"is nothing but a certain quantity of other things exchanged against it. If I
receive 20 lbs. of twist for $1, then [according to this theory] the value of
the $1 always remains the same ... although the labour required to produce 1
lb. of twist can on one occasion be double that required on another."

This of course is the dominant theory today, one that is shared, at least
implicitly, via the "replacement cost" stuff, by the simultaneist Marxists.
But Marx immediately objects:

"The most ordinary merchant does not believe that he is getting the same value
for his $1 when he receives 1 quarter of wheat for it in a period of famine
and the same amount in a period of glut" (TSV 3, p. 150; pounds sterling
changed to $).


Even the most ordinary merchant realizes that wheat is not the substance of

I'm also much taken with Marx's very modern phrase "getting the same value for
his $1." These are the terms in which value is talked about and acted upon --
and therefore in which value exists -- in the real world. Some Marxists think
that when people talk about value in the real world, they mean use-value,
utility. But note that it is not the *quality* of the wheat that is at issue
here, but its quantity. People know much better than the theoreticians what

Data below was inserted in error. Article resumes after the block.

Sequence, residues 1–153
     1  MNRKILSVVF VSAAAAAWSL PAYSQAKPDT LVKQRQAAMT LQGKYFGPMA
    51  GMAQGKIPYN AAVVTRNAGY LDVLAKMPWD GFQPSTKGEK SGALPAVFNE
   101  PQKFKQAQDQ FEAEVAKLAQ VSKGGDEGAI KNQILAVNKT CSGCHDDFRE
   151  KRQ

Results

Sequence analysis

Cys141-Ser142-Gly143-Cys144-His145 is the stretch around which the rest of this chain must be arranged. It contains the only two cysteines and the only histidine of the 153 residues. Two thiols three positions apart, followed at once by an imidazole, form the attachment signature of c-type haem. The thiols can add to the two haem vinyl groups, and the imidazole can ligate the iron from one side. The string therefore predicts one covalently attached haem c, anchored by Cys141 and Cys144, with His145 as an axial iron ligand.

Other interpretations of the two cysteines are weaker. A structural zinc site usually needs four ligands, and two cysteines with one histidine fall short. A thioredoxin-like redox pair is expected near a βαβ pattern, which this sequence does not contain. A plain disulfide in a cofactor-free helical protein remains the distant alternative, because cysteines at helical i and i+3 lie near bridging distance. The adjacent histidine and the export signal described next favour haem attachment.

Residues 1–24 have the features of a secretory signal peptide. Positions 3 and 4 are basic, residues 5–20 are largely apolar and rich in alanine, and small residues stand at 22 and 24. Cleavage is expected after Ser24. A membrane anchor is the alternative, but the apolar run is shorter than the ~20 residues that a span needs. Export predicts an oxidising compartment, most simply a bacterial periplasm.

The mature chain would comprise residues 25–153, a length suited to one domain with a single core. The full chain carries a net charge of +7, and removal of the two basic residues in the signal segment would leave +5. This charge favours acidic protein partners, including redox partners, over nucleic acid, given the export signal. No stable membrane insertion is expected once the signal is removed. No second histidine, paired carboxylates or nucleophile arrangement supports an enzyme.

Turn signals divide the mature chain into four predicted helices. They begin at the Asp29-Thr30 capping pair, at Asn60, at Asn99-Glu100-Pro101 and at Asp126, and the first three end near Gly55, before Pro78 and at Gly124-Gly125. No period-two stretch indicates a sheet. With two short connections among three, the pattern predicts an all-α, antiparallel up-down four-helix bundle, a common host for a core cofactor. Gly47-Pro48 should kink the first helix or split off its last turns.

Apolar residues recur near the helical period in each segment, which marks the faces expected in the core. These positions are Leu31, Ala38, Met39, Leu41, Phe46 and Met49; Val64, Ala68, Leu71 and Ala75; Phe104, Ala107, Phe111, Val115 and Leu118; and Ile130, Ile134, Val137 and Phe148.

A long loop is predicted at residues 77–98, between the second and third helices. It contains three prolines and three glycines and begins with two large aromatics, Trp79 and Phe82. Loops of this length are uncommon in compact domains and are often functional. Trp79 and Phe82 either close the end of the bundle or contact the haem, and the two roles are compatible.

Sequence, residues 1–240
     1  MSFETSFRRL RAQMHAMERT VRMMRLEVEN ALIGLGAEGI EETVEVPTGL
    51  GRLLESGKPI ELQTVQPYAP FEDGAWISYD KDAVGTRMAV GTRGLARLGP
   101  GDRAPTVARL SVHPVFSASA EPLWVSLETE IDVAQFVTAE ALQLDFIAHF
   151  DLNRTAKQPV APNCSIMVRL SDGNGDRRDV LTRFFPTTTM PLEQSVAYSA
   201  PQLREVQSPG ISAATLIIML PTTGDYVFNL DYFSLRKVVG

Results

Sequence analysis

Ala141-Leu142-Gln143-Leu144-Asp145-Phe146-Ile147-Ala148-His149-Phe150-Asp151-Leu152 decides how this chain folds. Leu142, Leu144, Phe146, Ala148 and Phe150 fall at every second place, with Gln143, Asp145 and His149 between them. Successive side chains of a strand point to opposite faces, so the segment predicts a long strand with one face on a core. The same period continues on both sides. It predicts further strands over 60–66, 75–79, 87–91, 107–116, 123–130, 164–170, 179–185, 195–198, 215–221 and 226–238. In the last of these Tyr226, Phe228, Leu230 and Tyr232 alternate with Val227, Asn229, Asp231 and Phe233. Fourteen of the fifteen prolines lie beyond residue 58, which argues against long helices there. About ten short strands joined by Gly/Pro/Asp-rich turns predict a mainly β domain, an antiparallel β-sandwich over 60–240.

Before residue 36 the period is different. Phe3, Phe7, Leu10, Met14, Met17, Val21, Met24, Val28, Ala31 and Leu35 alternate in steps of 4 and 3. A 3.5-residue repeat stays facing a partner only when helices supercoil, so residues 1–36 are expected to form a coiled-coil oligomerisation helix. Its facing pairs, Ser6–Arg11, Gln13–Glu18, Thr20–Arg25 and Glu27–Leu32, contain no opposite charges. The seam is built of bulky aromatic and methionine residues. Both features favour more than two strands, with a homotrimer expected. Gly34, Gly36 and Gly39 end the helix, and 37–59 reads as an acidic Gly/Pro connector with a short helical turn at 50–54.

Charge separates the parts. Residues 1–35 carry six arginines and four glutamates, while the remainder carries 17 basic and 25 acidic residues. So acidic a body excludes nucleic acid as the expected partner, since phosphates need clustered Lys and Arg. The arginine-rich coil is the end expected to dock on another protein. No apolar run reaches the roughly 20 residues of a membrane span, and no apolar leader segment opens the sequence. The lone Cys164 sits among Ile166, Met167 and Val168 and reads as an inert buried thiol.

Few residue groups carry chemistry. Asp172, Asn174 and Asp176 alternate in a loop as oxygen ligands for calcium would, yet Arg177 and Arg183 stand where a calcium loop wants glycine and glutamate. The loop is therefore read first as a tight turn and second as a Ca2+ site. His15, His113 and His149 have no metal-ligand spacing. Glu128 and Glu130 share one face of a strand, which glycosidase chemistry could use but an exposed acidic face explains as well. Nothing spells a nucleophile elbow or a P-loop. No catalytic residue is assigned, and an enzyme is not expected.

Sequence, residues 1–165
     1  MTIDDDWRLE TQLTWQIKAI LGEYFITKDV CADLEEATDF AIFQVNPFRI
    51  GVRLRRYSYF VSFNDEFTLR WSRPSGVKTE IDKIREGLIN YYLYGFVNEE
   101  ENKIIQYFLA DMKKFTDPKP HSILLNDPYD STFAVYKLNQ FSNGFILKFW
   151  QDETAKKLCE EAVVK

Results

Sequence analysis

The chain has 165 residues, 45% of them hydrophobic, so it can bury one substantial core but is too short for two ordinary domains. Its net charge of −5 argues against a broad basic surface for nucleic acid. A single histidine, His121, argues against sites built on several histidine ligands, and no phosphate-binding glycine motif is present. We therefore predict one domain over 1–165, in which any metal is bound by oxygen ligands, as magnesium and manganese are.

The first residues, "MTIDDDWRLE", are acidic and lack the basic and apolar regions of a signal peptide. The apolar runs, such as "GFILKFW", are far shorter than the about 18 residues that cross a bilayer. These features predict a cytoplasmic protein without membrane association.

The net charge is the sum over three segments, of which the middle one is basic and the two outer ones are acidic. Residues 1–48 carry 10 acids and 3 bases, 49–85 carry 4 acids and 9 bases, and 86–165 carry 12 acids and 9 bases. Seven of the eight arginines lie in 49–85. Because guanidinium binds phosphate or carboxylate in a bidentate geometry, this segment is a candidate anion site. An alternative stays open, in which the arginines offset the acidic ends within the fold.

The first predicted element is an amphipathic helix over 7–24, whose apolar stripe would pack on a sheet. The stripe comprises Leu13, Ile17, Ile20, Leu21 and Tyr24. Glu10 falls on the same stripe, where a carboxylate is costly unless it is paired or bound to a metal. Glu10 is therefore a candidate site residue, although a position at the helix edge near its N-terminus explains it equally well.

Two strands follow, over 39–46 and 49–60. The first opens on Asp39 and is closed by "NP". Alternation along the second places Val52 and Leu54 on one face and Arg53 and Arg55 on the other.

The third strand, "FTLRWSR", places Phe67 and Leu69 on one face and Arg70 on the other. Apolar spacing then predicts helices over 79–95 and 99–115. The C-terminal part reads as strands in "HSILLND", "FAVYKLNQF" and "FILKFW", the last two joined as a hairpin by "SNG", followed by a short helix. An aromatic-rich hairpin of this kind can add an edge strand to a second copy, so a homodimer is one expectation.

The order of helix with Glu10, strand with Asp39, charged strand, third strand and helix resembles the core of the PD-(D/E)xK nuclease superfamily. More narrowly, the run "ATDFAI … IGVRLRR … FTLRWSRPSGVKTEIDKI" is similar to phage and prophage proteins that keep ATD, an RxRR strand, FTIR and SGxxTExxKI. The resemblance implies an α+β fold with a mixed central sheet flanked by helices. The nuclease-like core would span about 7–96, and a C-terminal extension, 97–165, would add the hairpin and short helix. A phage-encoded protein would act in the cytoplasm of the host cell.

value is. The people live it; the theoreticians try to make it go away.

If we carefully, painstakingly, and ruthlessly pursue this line of reasoning
to the end, I think we may well arrive at the solution to why labor-time

Ale: "After all, who does really know the "value of money" in a given point
of time? How do capitalists know what is the value of their capital? They
*believe* that is is worth x or y amount of money, but what is the value of
this money? One day before the devaluation of the "won", South-korean
capitalists *believe* their capital was worth $x; one day after, part of this
capital had been annihilated."

Right. But the $ is *also* not value, but merely a monetary expression of it,
one that fails accurately to reflect real changes in value.

Ale: "Anyway, I think the problem is not "choosing" between

K[t] = v[o]*f[o] + v[o]*f[1] + v[1]*f[2] + ... + v[t-1]*f[t]


k[t] = v[o]*f[o] + v[1]*f[1] + v[2]*f[2] + ... + v[t]*f[t]

"Andrew''s model is a quite "stylized" (abstract) one and, as he has
said, it doesn''t depict the capital cycle. But, one or another
"valuation" could be "valid" in a specific temporal point. For
example, in South Korea, vast portions of capital invested in the
past have been suddenly "devaluated" and then, it is k[t] which
begins to be considered as the denominator of the profit rate
(certainly, the losses are written down!). But before the crisis, it
is possible the K[t] was the way in which the assets were "valuated"."

I don't have a model (please!) but you're right. That's why I was careful to
indicate that I was dealing with the tendency of the profit rate considered in
abstraction from the forms in which it appears.

Ale: "BTW, maybe the people in South Korea or in Japan can tell us what is
really going on there."

Yes! I'd very much like to know this too.

Alejandro Ramos